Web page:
Baylab workshops are designed to be fun and engaging. Students can isolate their own DNA from their mouths and take it home with them in a necklace, or ‘solve’ a crime using forensics, while learning sound scientific principles through a process of discovery.
All workshops are targeted to different key stages. Some experiments have basic and advanced versions, depending on key stage
a four-hour workshop designed for pupils aged 7-10 years.
This will encourage pupils to think about how science is applied to our everyday life; from the air we breathe, and food we eat to the products in our bathroom cabinets. They get first-hand experience of thinking about the cosmetics industry from a scientific perspective, understand the importance of being able to add ‘ingredients’ together in the right amounts and in the right way to get the desired affect or application.
Pupils investigate the difference between acidic and alkaline solutions, and how the two can neutralise each other in a reaction by forming a salt. They observe the properties of oils and waxes and how they are able to dissolve into one another, giving them a better understanding of the chemical processes behind the manufacture of toiletries such as bath bombs and lip balms.
extract your own DNA – a two-hour workshop for students aged 10-14 years
This workshop gives students the chance to think about what makes human beings unique. They learn more about DNA, what it is and where it is found, and how the structure makes each person different. It links to the real world in many ways, such as studying the genetic causes of disease, development of diagnostics and drugs, and also in forensic science and sequencing genomes.
Here, students will extract their own DNA and walk away with a small piece of it in a necklace for them to wear. They harvest their own cheek cells then extract the DNA. It is a great introduction to enzymes and DNA structure, using equipment normally only used at degree level.
a four-hour experiment designed for students aged 14-18
During this workshop students get to experience what it would be like to work in a forensics lab investigating a fictional crime scene. They will evaluate the crime scene and suspect DNA samples using modern molecular biological techniques. It is a great introduction to genetics and forensic analysis, learning how scientists would approach a crime scene situation and how to pour and load gels - processes that many students do not have practical exposure to before attending university.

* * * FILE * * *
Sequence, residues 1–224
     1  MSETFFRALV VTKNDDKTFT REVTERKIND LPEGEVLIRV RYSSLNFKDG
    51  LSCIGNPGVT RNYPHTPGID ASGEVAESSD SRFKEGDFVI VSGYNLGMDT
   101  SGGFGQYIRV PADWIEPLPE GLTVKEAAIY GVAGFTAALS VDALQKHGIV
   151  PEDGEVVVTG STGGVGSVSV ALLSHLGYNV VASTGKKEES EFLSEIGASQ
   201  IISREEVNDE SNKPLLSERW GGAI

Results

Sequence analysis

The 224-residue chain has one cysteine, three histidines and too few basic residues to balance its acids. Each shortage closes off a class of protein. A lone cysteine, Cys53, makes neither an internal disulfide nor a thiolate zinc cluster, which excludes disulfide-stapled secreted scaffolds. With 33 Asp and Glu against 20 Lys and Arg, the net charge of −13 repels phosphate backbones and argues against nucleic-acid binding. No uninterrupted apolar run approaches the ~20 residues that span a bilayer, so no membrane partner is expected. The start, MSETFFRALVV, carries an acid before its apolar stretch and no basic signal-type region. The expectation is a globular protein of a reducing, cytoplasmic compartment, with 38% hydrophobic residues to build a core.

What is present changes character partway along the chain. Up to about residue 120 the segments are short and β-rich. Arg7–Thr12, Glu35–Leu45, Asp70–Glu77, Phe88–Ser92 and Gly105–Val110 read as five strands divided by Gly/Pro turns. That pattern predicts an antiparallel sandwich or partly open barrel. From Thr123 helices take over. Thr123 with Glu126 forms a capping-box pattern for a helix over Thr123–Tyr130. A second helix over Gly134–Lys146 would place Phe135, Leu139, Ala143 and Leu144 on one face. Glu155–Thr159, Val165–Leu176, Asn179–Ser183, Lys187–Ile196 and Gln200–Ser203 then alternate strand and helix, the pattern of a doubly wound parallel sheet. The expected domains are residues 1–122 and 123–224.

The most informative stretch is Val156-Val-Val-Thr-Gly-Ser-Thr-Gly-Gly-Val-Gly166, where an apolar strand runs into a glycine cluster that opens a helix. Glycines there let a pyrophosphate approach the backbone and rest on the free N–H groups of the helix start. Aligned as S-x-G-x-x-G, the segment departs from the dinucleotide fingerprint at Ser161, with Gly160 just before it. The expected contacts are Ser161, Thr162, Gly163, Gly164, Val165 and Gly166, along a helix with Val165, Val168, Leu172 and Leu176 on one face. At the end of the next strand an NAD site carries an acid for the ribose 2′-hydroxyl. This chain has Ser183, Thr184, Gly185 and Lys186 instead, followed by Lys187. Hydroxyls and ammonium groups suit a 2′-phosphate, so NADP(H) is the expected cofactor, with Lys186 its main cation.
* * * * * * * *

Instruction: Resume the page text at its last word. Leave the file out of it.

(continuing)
A question of taste
a five to six-hour experiment for students aged 16-18 years
This genetics workshop allows students to determine their ‘phenotype’ and ‘genotype’ for a taste receptor that we share with our primate ancestors . Students will extract and test their own DNA using modern molecular biological techniques to compare their phenotype with their genotype. The workshop, developed with the Wellcome Trust to mark Darwin's 200th birthday, demonstrates how we as a species have evolved to lose the ability to taste phenylthiocarbamide, a chemical found in vegetables such as broccoli.
Bees and honey
why are bees so important? A three-hour session for primary pupils.
A bee quiz provides a fun-filled introduction to the topic. Pupils take on the role of a “Bee” and study their jobs and themselves using microscope slides and a model bee to decide how bees pollinate flowers and collect nectar. They use real flowers, magnifying glasses and see-like-a-bee goggles to help them on their journey. All of this takes place before they get hands on with science equipment in the Baylab to discover more about honey; they will detect different types of sugar, confirm antibacterial properties and the mineral content of honey. As they buzz their way through this workshops students will improve their laboratory skills; from recording, evaluating and discussion of results.
Catalysts of life – a four-hour experiment designed for students aged 13-16
This workshop shows students what enzymes are made of, how they are used in the production of medicines, and their medical and biotechnological uses. They find out that the human body is full of enzymes relying on them to do lots of different processes from digesting foods and replicating DNA, to helping repair damaged cells. Students conduct protein characterisation of the enzymes; and study the action and effects of enzymes as catalysts using different substrates (sugar, starch, sugar analogues). They discover the biotechnological uses of enzymes, and finally, discover that many drugs are specific enzyme inhibitors.